You mention “Barbie,” but I’m also wondering about old hits being brought back into the zeitgeist thanks to projects like “Saltburn” or “Anyone But You.” How does that process work?
I would really credit music supervisors and the creative vision there. Often these are the unsung heroes. Just recently was the Guild of Music Supervisors annual awards. I attended, and it was just a reminder of how creative and how important these people are in the process.

It also makes me think of the Kate Bush story with “Stranger Things.” It’s a good example of where there is a great idea that’s allowed to blossom and has support, then you can find such terrific results. To be able to collaborate with the artist and get into the body of the song and sort of make it dramatic in a different way, that’s what I think resonates with people.

How do you feel social media plays into that process?
TikTok and social media in general is the way that people are discovering music. It’s such a radical shift from my background in radio. It’s just so interesting how digital overall and certainly social media has just ended up as the whole process. Here at Thrive, marketing meetings and sitting in on a lot of the discussion is about getting influencers to come on board and support a song. It all feels very grassroots. But if you do it right, you can break out. Obviously, there’s a big battle royale going on with Universal and TikTok, but that’ll play itself out. I’m sure they’ll find a way forward.

What is your process for piecing together a soundtrack? Does the workflow differ depending on the genre of film?
It can. It’s very much about the relationship with the director. If it becomes a process of pitching to a committee, it becomes a lot more difficult. If you can really be on the same page with the person at the helm, you’re in pretty good shape. It’s really serving the story and understanding what needs to support the storyline. It can be very conversational at first, almost therapeutic to gain that insight. And then it’s creating playlists and finding out how your client or your director can really digest this material. Then just talking it through, cutting things to picture, trying a lot of ideas and narrowing it down.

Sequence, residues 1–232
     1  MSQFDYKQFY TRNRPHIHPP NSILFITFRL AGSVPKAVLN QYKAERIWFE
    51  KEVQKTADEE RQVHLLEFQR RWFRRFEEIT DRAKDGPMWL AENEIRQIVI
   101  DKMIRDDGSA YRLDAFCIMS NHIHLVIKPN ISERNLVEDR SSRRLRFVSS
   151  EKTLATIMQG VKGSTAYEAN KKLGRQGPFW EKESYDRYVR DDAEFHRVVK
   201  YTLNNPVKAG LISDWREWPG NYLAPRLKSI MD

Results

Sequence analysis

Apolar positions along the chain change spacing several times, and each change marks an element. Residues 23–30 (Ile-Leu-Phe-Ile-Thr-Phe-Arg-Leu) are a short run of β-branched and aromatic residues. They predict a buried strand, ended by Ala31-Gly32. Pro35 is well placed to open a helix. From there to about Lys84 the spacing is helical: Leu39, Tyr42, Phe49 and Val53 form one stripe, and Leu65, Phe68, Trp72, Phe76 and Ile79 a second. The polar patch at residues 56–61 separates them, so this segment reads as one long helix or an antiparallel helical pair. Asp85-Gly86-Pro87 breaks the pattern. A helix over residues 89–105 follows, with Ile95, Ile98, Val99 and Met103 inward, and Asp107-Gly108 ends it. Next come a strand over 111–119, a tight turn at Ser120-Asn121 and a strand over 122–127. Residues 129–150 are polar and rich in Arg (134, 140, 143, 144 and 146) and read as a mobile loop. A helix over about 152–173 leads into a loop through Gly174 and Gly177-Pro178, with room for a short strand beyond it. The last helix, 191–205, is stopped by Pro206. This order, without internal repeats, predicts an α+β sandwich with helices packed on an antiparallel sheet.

Once you figure out what they’re responding to, you can look into the particulars of who owns the master and the publishing splits and start to get into the weeds of the bureaucratic side, the admin side. Anything is possible, you just work your way through it. You do have to be pretty detail-oriented when you’re looking for a clearance, providing as much information as you can — describing the scene, details of the production, actors, even pages from the script — just to try to get that clearance.

What makes a good soundtrack and how can a soundtrack really impact the success of a film?
I think “Barbie” has certainly answered that question. It really can be an integral part of a film, when it’s done right. I’m curious about the market for soundtracks these days since that’s part of my role here. I wonder for anything short of a “Barbie” phenomenon, how do we do that? How do you find success in the soundtrack space? I don’t have an answer for that yet, but it’s certainly something I’m trying to solve.

This interview has been condensed and edited for length and clarity.

The post ‘Barbie’ Soundtrack Reinvigorated Music in Movies and Reminds Studios ‘How Effective’ a Song Can Be, Thrive Exec Says appeared first on TheWrap.